Shut Up Legs

JamieLegs

When Michelangelo produced a marble sculpture, he talked of ‘releasing’ the figure from the stone. Each strike of his chisel moved him a little bit closer to revealing the potential within. When I returned to competitive cycling more than five years ago, I thought of my body like that heavy block of stone. I believed there was an athlete within, but it would take a lot of chiseling to release him.

I once read an interview with a former professional cyclist who was asked by the magazine’s journalist: “What does it take to become a great rider?”. The cyclist’s answer: “Choose you parents very carefully.” It is clear that genetic make-up represents a significant contribution to elite sporting success, especially so in endurance sports such as cycling. But genetics are only a part of the story.

Some sports scientists attribute up to 60% to 70% of an elite road cyclist’s likely success to genetic inheritance, with maternal inheritance (ie the mother’s genes) the most important. My Dad was never an accomplished sportsman, but my mother was a talented long-distance swimmer in her youth.

When I was seventeen years old I had my VO2 Max measured. VO2 Max calculates the amount of oxygen your body can use in one minute measured per mL for each kilo of body weight, and is expressed as mL (kg/min). A sedentary male typically has a VO2 Max of around 50 mL (kg/min), and a ‘recreational’ cyclist around 60 mL (kg/min). As a teenager I achieved a reading of around 76 mL (kg/min), which is close to someone like Simon Gerrans (Aussie pro cyclist riding for Orica GreenEdge). Tour de France winner Cadel Evans is reported to have had a VO2 Max of 88 mL (kg/min), and Greg Lemond 92.5 mL (kg/min). So thanks for the lungs Mum!

VO2

But while physiological indicators such as VO2 Max, efficiency of motion, and power output per kilogram of bodyweight are clear and established markers of fitness, most sports scientists agree that there is more to cycling success than physiology – other key factors include training methods, technique, tactical wisdom and motivation. Training methods can be learned, and tactical wisdom and technique (such as descending and cornering) come with coaching, experience and racing. But motivation is a completely different story.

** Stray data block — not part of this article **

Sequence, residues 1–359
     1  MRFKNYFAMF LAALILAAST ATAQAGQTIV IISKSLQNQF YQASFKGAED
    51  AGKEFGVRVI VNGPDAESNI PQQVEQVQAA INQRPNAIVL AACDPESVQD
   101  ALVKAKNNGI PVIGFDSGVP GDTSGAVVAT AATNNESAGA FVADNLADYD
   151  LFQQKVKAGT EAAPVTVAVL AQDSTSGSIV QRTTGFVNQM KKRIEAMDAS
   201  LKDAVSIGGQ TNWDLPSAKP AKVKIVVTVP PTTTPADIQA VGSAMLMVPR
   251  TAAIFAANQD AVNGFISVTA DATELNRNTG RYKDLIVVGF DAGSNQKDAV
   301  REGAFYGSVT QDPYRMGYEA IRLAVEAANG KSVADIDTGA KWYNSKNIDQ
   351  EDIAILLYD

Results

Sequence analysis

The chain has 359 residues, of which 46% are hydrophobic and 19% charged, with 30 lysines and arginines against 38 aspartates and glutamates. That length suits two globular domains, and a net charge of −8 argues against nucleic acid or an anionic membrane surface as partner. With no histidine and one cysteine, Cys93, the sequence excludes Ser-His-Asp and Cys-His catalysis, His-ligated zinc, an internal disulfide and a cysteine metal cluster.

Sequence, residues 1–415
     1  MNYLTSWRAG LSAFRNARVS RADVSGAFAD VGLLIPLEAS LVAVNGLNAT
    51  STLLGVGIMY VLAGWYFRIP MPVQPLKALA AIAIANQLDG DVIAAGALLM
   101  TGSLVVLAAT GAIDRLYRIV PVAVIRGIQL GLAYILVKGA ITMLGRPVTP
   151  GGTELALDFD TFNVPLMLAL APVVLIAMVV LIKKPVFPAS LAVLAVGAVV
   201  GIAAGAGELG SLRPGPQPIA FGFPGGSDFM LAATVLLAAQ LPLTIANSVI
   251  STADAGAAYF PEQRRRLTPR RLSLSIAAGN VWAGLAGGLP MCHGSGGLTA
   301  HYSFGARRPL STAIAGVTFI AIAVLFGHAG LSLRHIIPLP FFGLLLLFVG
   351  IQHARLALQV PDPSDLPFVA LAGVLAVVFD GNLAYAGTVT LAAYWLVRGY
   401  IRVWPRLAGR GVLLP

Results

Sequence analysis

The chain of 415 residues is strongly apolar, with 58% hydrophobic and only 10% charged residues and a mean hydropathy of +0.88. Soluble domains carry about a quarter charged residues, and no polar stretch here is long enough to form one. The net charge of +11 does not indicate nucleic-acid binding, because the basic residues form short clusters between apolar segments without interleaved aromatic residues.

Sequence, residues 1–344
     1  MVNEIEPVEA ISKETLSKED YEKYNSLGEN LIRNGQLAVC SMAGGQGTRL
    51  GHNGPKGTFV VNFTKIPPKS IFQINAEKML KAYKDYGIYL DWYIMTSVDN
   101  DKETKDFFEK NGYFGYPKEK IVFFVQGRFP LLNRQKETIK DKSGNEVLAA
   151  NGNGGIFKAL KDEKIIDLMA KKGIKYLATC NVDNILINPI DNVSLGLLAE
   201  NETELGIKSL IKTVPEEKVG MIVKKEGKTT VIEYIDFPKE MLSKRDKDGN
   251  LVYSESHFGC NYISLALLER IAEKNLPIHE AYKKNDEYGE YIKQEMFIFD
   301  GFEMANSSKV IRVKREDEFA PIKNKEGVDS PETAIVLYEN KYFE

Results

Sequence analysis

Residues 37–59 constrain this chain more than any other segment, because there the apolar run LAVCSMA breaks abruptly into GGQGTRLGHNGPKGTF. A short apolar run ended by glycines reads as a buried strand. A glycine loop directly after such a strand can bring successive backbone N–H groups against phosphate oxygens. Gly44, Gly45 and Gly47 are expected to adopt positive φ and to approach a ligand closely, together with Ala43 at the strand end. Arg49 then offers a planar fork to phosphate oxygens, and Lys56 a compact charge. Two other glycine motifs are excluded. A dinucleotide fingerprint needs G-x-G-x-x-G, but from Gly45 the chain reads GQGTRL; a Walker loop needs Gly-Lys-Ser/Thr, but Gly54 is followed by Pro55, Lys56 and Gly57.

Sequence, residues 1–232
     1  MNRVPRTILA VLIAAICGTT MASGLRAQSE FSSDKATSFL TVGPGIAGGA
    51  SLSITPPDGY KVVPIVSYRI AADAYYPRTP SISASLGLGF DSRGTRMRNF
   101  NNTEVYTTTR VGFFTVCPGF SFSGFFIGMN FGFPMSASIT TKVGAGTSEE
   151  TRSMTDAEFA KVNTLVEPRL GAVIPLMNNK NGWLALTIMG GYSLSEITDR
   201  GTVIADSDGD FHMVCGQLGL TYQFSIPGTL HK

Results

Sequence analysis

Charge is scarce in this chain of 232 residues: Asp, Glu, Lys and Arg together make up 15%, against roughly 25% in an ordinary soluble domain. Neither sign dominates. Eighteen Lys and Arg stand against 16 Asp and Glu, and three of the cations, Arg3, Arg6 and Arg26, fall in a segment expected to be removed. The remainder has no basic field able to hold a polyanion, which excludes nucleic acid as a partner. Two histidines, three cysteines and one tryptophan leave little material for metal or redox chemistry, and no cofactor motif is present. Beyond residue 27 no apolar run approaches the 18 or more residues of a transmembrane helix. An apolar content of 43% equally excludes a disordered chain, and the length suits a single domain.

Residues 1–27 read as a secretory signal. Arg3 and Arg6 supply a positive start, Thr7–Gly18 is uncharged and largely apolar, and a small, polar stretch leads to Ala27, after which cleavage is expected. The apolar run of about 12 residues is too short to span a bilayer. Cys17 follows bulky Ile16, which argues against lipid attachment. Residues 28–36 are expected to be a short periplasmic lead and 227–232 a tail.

Once you understand how to train, almost everything about becoming an elite road cyclist involves willpower – or what the psychologists call the locus of control. A journalist once asked the former professional Jens Voigt what goes through his mind when he is at the extreme edge of suffering in a race breakaway. “Shut up legs” was his response, a statement that has become a worldwide mantra for cyclists.

As Voigt understands, the key to becoming a winning cyclist lies in one’s ability to embrace suffering. It’s about riding in terrible weather, pushing yourself beyond your limits, dieting and sacrificing other priorities to make the time for riding and competition.

A few weeks ago I was training in the Belgian Ardennes near the border with Germany. It is a beautiful area with good roads, forests and long winding climbs. Although mid summer, the weather was foul on the day of one of my rides. Looking out of my hotel room window after breakfast, the wind was howling, the sky dark with clouds and the rain coming down sideways. When I Googled the day’s weather forecast things were only expected to get worse.

I trained for around 100 kilometers in the rain and wind, and did not see another cyclist for more than four hours. At times I crawled up those long sweeping climbs as the rain lashed in my face, and by the end of the ride I could feel that my body was completely drained – that I had used almost every ounce of energy to push the pedals and to keep warm.

At one point a few hours into the ride, as the rain penetrated my overshoes and my feet became soaking wet, my mind started to tell me to turn around and go home. But I didn’t. Because my will told me that this was part of the journey.

I can’t say that I truly enjoyed myself on that ride through the Ardennes – that would be misleading. But I understood that what I was submitting to was part of a bigger objective that will come many months down the road.

That’s the locus of control – the willpower to do the difficult work that needs to be done, in whatever endeavour you decide to excel at in life.

It’s about having the fortitude and self-belief to keep chipping away at that block of stone.

The legs of the top of the post are really mine – after five years of chiseling!

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